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Re: C-p, C-b, C-f, and C-n... why?

From: Mathias Dahl
Subject: Re: C-p, C-b, C-f, and C-n... why?
Date: Tue, 13 Dec 2005 09:28:17 +0100
User-agent: Gnus/5.11 (Gnus v5.11) Emacs/22.0.50 (windows-nt)

Eli Zaretskii <address@hidden> writes:

>> I think phrases like "but it's more efficient" is a bit dangerous. I'd
>> rather want something like "but some feel it's more efficient". It all
>> depends on the user, his keyboard, his habits etc.
> I have yet to see a keyboard with arrow keys close to the rest of the
> keys.  They are always somewhere on the fringes.  So, habits aside,
> the distance to C-f is shorter than to the right arrow key, and that
> is an objective fact.  Of course, people might prefer a less efficient
> way, e.g., if they type so slowly that the additional time is
> negligible.

OK, the distance from the home row is shorter, but I still don't think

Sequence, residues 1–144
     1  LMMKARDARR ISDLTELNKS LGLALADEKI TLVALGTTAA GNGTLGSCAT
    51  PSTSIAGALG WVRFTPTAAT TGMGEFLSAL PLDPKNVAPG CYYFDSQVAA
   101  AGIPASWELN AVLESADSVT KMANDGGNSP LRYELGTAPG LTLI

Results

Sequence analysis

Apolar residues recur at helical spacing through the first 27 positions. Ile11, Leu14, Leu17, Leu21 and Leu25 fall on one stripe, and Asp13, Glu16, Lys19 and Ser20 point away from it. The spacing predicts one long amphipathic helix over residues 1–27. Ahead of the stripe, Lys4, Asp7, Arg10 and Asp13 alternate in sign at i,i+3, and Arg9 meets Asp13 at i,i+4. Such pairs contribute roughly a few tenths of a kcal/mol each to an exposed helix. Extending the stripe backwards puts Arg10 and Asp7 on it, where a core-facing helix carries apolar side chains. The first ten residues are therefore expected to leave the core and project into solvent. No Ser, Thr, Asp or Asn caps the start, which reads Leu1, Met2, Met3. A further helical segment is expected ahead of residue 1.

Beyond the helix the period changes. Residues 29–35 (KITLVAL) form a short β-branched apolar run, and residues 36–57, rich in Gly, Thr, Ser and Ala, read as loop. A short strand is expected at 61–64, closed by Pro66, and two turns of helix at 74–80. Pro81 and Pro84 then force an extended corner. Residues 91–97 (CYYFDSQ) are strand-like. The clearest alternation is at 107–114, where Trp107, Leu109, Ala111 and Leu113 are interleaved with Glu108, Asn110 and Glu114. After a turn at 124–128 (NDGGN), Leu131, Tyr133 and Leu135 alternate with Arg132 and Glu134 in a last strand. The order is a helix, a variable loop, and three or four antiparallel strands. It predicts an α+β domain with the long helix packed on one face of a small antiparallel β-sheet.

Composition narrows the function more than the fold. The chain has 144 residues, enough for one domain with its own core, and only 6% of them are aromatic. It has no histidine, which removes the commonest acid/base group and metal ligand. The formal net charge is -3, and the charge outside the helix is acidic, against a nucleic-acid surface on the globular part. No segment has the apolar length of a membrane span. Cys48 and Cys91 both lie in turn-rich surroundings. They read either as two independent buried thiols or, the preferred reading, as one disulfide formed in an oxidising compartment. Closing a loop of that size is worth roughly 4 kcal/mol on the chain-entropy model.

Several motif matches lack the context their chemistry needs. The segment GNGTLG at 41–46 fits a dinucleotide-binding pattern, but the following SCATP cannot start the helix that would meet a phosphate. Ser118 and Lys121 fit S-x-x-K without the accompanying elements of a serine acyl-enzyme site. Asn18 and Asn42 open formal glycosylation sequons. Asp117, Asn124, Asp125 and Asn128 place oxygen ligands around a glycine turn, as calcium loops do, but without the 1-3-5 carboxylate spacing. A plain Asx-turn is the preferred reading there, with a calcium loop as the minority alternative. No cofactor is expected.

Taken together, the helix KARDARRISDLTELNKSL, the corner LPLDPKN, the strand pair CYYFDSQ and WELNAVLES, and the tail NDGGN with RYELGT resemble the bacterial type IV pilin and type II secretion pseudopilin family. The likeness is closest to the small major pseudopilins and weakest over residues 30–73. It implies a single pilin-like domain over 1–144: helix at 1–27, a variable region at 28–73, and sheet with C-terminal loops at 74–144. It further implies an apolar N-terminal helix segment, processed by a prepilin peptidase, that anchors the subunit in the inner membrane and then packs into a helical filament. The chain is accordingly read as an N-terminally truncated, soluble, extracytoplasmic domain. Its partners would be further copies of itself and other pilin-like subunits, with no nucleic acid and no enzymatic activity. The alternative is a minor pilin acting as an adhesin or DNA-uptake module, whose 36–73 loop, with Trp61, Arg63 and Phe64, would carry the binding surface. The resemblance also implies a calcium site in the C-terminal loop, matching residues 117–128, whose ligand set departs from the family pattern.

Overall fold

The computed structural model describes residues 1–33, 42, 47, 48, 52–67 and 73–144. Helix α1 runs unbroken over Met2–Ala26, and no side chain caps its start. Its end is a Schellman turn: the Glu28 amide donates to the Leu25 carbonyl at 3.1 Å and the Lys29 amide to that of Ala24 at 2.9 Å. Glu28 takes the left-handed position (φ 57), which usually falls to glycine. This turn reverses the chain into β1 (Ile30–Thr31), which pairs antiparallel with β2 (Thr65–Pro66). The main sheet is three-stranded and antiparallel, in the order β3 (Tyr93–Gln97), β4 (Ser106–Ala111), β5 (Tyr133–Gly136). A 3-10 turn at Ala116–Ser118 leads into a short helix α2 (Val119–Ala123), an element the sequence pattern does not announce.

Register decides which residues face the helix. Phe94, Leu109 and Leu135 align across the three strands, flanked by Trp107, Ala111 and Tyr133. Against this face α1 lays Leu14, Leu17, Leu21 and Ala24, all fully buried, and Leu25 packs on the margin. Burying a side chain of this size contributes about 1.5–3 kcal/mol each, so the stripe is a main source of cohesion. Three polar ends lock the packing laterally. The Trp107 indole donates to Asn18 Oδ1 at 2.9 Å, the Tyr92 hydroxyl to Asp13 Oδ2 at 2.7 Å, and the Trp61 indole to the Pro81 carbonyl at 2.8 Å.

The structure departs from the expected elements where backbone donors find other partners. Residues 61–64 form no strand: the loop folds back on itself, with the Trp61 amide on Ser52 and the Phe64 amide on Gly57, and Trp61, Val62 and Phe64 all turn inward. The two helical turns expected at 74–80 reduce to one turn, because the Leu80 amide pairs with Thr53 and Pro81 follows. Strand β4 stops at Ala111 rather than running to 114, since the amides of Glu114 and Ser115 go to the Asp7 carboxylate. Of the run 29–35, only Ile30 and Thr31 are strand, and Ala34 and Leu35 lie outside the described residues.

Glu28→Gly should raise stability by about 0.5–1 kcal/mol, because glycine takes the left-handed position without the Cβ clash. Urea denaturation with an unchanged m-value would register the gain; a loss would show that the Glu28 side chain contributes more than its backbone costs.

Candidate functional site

you can conclude that it is more efficient. For example, C-f require
"two" (or one, or one and a half if you want) keypresses while the
arrow keys require only single keypresses.

Also, can you seriously say that, when doing complicated cursor
movements (imagine navigating around in a crossword or minesweeper
game or similar "grid2), that C-f, C-b, C-n and C-p allows for quicker
movement? If so, I think you are an alien... :)

I agree that for casual cursor movement *while typing text*, it is
faster to use C-f et al, but I still don't like the "more efficient"
statement as I do not find it to be true. Also, the mnemonics (f =
foward, b = back, n = nex, p = previous) suggest that the commands was
put on those keys not for quick navigation bur for easy learning, in a
time where the arrows were not present on all keyboards.

I use both, depending on the situation.

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